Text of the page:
It’s women like you and Joanna that make Mormonism such a fun place to be.  Keep up the good work. <3

  2. Ms. Brooks is very wrong about only her book being published in 2012 on the subject of Mormonism..  My wife and I have recently published CHRIS AND LOUISA which is getting excellent, appreciative comments on the research, writing, plot and explanations of what the church is all about. PLEASE look at it.  Try Amazon, Barnes and many others:CHRIS AND LOUISA
                      Ralph P. Vander Heide , Ph.d. & Judith H. Vander Heide

      The excellence of this novel emerges from the very style in which it is written, quickly captivating the reader’s complete attention as the plot seques smoothly from one chapter to the next between Chris and her greatgrandmother, recounting the lives of the two remarkable women. The Vander Heides are faithful to history in describing events or referring to dates. If society in a given year drank only from square bottles, be assured that their characters do not use tin cans.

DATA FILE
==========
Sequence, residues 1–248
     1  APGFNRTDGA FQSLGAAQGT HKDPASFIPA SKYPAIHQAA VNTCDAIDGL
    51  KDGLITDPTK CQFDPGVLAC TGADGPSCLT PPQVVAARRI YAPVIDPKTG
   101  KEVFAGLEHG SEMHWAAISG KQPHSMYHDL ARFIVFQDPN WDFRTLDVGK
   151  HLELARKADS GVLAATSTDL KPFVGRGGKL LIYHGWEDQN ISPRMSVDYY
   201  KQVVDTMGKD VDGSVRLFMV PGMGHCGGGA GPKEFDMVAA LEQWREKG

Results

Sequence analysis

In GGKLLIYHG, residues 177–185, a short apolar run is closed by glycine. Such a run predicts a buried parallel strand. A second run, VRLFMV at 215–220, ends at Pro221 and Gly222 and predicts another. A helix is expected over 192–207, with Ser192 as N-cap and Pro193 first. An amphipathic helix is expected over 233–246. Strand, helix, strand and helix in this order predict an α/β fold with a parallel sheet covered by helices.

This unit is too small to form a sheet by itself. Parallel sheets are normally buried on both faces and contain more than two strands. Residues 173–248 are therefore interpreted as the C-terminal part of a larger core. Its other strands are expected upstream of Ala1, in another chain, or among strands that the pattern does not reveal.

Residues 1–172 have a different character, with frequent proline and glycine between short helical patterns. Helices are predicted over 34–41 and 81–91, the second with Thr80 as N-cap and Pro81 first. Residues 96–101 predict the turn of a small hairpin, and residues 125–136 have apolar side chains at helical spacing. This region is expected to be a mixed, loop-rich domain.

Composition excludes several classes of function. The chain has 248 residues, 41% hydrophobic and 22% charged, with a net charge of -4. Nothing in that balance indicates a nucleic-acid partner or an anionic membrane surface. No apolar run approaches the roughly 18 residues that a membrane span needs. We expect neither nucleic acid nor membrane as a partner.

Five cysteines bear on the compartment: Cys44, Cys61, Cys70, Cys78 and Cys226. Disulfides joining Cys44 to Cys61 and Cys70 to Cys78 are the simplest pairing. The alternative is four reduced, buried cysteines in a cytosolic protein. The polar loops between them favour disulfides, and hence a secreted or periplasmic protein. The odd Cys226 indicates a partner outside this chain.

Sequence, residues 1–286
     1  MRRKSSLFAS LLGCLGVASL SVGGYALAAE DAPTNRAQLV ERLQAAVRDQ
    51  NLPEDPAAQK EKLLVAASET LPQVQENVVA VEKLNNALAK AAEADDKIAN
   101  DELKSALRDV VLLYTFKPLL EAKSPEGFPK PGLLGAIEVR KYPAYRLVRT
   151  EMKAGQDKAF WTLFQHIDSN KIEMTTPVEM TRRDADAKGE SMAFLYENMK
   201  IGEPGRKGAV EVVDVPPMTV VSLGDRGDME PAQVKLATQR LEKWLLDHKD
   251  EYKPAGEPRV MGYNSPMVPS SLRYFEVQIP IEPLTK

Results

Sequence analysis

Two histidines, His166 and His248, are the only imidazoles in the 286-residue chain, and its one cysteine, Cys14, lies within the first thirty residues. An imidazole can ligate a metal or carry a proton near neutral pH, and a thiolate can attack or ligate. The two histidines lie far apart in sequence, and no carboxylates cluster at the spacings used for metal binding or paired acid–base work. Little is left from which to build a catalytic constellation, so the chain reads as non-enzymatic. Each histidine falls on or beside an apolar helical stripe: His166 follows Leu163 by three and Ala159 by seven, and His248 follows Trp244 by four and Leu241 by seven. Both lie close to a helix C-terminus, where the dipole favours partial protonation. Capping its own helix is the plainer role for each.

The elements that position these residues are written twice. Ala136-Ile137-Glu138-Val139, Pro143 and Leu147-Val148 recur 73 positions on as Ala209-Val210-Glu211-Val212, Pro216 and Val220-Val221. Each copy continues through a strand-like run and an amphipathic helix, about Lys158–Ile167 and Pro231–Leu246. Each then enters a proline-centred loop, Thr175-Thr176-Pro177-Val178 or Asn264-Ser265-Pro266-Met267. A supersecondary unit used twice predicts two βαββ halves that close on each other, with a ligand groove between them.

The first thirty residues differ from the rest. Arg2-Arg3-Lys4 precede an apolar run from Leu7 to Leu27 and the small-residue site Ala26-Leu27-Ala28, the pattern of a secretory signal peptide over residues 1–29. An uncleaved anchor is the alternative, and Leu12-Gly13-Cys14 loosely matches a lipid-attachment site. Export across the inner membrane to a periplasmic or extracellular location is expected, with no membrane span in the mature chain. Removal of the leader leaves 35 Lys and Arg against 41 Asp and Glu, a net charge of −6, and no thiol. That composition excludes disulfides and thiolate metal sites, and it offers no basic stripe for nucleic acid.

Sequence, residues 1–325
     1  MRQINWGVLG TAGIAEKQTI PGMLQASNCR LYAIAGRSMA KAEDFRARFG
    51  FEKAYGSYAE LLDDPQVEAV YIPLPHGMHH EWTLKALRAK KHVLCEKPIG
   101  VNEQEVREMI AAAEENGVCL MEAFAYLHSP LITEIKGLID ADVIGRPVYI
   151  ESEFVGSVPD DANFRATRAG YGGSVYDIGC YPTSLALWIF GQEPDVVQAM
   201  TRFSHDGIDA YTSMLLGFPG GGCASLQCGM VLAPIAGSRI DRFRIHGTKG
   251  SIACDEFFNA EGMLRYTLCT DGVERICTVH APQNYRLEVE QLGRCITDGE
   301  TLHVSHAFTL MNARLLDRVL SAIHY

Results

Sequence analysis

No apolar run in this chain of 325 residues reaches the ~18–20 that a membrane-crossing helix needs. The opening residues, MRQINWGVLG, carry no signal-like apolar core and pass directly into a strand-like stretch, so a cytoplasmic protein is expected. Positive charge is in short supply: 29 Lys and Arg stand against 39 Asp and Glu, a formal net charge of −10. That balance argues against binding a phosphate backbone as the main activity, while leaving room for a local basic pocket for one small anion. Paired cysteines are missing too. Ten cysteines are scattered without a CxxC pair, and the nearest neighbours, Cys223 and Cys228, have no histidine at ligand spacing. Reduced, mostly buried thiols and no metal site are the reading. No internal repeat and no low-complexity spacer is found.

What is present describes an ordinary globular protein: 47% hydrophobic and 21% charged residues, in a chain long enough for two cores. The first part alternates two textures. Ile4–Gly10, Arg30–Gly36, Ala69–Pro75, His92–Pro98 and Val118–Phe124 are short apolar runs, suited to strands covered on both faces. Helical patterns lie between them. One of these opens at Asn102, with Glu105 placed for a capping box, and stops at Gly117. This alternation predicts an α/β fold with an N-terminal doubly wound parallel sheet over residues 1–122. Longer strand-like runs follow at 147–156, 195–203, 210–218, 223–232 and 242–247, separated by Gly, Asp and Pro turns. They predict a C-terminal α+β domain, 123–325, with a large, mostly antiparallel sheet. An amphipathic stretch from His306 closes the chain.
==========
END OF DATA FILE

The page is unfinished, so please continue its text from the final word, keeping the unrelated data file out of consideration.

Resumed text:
“It holds my interest,” a friend commented. I would add that it holds interest, but although each page is equally well crafted, page 7 is far different than page 133 or 202,  for existence is never static, and should not art imitate life?? The characters are persons the authors have known and will become acquaintances of readers.  What would Chris or Mark “think about that,” I ask myself. 
    Novels are examined by critics for form and structure, for skill in painting reality so that the reader feels, empathizes, “gets into the story line.” The Austrian philosopher, Ludwig Wittgenstein and his group interpreted aesthetics to be the “examination of the ways in which language is used.” Let us then say this novel is “aesthetic,” but not stuffy or “over one’s head” because, simply stated, it is a “smooth read.”.. no rough transitions, bad grammar, sloppy vocabulary or jerky plot here.